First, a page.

A confrontation just a few months before parliamentary elections can indeed be beneficial for the government – unless the situation gets completely out of control, of course. Modi’s party, the Indian People's Party (BJP) is both conservative and Hindu nationalist. Showing his resolve regarding this issue could mobilize his own base and reverse a negative trend at the polls. Hence, Modi repeatedly resorts to relevant anti-Pakistani and nationalist rhetoric in the Kashmir conflict. His critics, however, including the one on the Pakistani side, accuse him of exploiting the situation for domestic political reasons. The opposition parties argue that Modi pursues a "blatant politicization of the sacrifices made by our forces."


5. Do you expect further instability?

The Kashmir-Conflict is one of the oldest in our database of more than 1,800 conflicts and, if the current dynamic continues, there is little reason for optimism that there will be less violence in the coming years. Despite the fact that this incident dominated the global news cycle, the conflict parties have already returned to their "routine" - mutual shelling at the demarcation line. Why? The international anxious response to the airstrikes, a first since 1971, had been mainly focused on what could have happen if neither the parties involved nor third states had been willing to de-escalate. Especially as both India and Pakistan have nuclear weapons since the late 1990s. 
Indeed, it appears as if such a scenario is unlikely after all: China, that controls itself a part of the Kashmir region - the Aksai Chin area -, as well as the European Union, the United States and Russia have quickly called for restraint. In Islamabad, Prime Minister Imran Khan stressed that neither Pakistan nor India, which enhanced its status as a key economic power lately, could really benefit from a war.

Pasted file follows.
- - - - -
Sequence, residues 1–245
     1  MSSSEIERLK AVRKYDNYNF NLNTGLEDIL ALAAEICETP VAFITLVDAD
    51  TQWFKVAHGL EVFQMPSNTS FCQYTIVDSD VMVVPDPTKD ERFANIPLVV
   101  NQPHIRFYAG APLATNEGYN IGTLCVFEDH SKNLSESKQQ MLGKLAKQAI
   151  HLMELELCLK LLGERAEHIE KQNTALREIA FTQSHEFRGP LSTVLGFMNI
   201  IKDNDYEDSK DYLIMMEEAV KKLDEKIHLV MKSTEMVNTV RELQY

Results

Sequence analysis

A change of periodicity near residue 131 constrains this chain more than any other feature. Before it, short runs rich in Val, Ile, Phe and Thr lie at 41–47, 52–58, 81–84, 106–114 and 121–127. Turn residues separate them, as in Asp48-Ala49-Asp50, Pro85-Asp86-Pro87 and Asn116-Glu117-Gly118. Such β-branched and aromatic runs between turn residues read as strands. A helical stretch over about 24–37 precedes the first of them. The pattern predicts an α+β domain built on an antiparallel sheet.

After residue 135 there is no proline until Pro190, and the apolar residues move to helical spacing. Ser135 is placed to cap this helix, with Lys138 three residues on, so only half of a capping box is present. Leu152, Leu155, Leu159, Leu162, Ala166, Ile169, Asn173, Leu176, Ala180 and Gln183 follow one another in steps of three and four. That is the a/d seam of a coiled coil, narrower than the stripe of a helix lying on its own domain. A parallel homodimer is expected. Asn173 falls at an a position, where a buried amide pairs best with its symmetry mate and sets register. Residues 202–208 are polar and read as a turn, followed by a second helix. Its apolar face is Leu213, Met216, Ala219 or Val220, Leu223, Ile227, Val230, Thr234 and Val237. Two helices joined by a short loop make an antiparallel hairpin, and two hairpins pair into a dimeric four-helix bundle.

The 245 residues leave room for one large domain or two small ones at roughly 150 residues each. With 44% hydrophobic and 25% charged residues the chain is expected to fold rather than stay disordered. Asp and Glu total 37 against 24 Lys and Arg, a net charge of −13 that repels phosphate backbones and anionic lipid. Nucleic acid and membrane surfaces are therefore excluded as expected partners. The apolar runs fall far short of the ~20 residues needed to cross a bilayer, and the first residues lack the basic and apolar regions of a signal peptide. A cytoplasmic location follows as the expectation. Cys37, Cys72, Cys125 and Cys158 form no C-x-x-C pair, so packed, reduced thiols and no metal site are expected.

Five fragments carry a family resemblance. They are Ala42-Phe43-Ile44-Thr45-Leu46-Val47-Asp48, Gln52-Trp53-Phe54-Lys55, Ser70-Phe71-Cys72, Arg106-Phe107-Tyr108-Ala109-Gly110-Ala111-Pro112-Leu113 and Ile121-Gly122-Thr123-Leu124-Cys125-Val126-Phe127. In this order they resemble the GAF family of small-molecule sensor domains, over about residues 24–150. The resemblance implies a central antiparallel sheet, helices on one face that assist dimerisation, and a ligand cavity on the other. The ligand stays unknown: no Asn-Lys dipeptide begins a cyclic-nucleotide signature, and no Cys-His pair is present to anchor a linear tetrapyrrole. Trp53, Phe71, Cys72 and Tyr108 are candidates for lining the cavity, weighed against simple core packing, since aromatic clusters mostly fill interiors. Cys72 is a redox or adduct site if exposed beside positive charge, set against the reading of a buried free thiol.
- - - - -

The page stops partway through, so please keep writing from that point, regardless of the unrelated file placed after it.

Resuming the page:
6. As a result of the escalation, the airspace over Pakistan has been temporarily closed and air traffic between Asia and Europe has been seriously affected. Will travelers have to get used to difficulties here?

Immediately after the incident, restrictions were clearly noticeable, particularly, for travelers via Bangkok. However, we would classify these as temporary. Pakistan has already announced that it will reopen its airspace from March 1 on. Moreover, when Pakistan completely closed its airspace and India blocked parts of the north, China, for example, contributed to the continuation of air traffic. Beijing allowed evasive overflights over its territory. In addition, many affected airlines responded quickly, adjusted to their routes or introduced additional stops.


7. Both sides have signaled that they do not want an escalation - how and by whom can the conflict be mitigated and maybe even solved?

A simple and fast solution is anything but tangible. First of all, parties would have to agree on a process and answer for instance the simple question: Who should sit at the (negotiating) table? Pakistan sees the United Nations as the only legitimate forum for a settlement, while India insists that conflicts in and around Kashmir should be resolved bilaterally without external interference. To make matters worse, the conflict itself has become an integral part of the self-image of the actors involved as it is going on for decades. Hence, whoever makes concessions first might face the wrath of nationalists and hardliners in its own ranks. However, if we remember the mid-2000s, the conflict has not always been a one-way street towards war: At that time, Pakistan and India had recognized Kashmir as a common problem, and discussed joint interests such as drug trafficking, economy and trade in a joint dialogue. Today, confidence-building measures from Pakistan would have to include a more determined pursuit of terrorist groups such as the JEM or Lashkar-e-Taiba. The Indian government, in turn, should scale down its nationalist and anti-Pakistani rhetoric and seek a political solution in Kashmir instead than only rely on military strength.

Julia Nelles is an analyst at CONIAS Risk Intelligence and a member of the CONIAS analysis team with a focus on South Asia and Europe. The questions were asked by Magdalena Kirchner, COO of CONIAS Risk Intelligence.